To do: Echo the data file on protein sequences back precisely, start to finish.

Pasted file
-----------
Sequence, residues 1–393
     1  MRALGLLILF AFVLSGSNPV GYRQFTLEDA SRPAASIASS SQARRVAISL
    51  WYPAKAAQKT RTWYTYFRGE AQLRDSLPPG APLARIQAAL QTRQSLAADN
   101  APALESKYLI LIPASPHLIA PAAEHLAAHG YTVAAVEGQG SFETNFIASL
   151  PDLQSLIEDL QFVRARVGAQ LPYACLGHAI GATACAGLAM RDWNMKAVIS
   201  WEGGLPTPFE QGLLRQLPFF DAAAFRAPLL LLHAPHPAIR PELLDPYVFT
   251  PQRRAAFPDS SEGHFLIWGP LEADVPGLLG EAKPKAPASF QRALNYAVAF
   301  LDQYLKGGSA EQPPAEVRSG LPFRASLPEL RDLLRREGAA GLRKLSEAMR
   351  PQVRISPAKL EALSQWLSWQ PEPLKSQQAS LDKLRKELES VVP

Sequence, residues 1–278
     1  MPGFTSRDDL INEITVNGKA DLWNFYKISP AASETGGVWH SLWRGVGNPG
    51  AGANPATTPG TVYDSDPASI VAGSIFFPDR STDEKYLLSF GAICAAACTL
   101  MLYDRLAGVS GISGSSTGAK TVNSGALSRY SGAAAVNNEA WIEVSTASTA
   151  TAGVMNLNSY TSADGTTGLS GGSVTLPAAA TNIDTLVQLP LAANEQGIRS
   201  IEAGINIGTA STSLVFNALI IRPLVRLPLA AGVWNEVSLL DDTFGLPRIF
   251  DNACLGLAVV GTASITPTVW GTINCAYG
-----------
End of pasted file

Sequence, residues 1–393
     1  MRALGLLILF AFVLSGSNPV GYRQFTLEDA SRPAASIASS SQARRVAISL
    51  WYPAKAAQKT RTWYTYFRGE AQLRDSLPPG APLARIQAAL QTRQSLAADN
   101  APALESKYLI LIPASPHLIA PAAEHLAAHG YTVAAVEGQG SFETNFIASL
   151  PDLQSLIEDL QFVRARVGAQ LPYACLGHAI GATACAGLAM RDWNMKAVIS
   201  WEGGLPTPFE QGLLRQLPFF DAAAFRAPLL LLHAPHPAIR PELLDPYVFT
   251  PQRRAAFPDS SEGHFLIWGP LEADVPGLLG EAKPKAPASF QRALNYAVAF
   301  LDQYLKGGSA EQPPAEVRSG LPFRASLPEL RDLLRREGAA GLRKLSEAMR
   351  PQVRISPAKL EALSQWLSWQ PEPLKSQQAS LDKLRKELES VVP

Sequence, residues 1–278
     1  MPGFTSRDDL INEITVNGKA DLWNFYKISP AASETGGVWH SLWRGVGNPG
    51  AGANPATTPG TVYDSDPASI VAGSIFFPDR STDEKYLLSF GAICAAACTL
   101  MLYDRLAGVS GISGSSTGAK TVNSGALSRY SGAAAVNNEA WIEVSTASTA
   151  TAGVMNLNSY TSADGTTGLS GGSVTLPAAA TNIDTLVQLP LAANEQGIRS
   201  IEAGINIGTA STSLVFNALI IRPLVRLPLA AGVWNEVSLL DDTFGLPRIF
   251  DNACLGLAVV GTASITPTVW GTINCAYG